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About Durham College

At Durham College (DC), the student experience comes first. With campuses in Oshawa and Whitby and a learning site in Pickering, the college offers more than 12,000 full-time post-secondary and apprenticeship students access to more than 140 full-time and eight apprenticeship programs in a number of different disciplines, enabling them to develop the skills required to meet the demands of today’s job market. The college is also set to launch its first four-year degree program, the Honours Bachelor of Health Care Technology Management, in September 2018.

The Oshawa campus features the state-of-the art Student Services building and will soon feature the Centre for Collaborative Education, a legacy project tied to DC’s 50th anniversary in 2017. The new facility will bring together local, Indigenous and global communities, providing a new home for several of the college’s most innovative and ground-breaking programs.

The Whitby campus features the award-winning W. Galen Weston Centre for Food, which includes Bistro ’67, a full-service, teaching-inspired restaurant, and Pantry, a retail store featuring food prepared by students in the college’s culinary programs.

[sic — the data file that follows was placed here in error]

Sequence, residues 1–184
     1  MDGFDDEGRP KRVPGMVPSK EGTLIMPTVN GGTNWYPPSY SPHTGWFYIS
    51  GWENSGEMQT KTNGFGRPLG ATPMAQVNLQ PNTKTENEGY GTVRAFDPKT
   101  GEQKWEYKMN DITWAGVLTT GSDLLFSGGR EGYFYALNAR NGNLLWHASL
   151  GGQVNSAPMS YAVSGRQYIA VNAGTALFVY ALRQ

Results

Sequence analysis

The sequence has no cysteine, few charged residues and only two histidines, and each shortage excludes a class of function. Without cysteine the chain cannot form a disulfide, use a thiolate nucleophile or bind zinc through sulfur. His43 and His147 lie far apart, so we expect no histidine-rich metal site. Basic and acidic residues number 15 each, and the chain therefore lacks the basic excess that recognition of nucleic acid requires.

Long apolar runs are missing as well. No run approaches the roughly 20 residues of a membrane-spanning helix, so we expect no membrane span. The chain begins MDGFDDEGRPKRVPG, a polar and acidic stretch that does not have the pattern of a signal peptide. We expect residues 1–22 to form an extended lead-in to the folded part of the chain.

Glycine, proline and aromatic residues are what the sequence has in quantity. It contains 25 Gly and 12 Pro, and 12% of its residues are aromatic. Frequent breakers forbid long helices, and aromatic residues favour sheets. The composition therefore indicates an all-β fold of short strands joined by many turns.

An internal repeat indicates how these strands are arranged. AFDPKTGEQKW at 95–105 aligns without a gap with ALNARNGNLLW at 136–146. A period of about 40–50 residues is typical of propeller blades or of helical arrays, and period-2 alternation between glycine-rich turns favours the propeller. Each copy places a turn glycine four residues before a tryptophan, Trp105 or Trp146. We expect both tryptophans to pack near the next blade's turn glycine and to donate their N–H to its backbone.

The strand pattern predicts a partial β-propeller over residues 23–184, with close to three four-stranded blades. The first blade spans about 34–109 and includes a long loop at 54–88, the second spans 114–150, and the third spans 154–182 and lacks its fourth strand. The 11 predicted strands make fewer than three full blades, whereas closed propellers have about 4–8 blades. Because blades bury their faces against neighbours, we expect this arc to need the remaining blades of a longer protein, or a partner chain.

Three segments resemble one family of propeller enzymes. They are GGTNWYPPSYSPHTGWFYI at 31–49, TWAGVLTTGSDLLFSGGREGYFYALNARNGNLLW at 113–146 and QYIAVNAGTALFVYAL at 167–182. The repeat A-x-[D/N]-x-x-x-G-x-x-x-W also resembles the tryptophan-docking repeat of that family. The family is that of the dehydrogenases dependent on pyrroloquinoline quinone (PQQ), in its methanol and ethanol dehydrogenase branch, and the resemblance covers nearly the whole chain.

For more information, visit www.durhamcollege.ca or call 905.721.2000.

Media contacts:
Meghan Ney

Durham College
Communications and Marketing
905.721.2000 ext. 2197
meghan.ney@durhamcollege.ca


DC students win gold, silver and bronze medals at Skills Ontario Competition

Oshawa, ON – Durham College (DC) is proud to announce that seven DC students earned six medals – two gold, two silver and two bronze – in post-secondary categories at the 29th annual Skills Ontario Competition, Canada’s largest skilled trades and technology competition, which took place in Toronto from May 7 to 9.

Students Zachary Unger, Building Construction Technician, and Keeshan Sharma, Automotive Technician – Service and Management (Motive Power Technician), owned the podium, winning gold medals in the carpentry and auto service technology categories, respectively.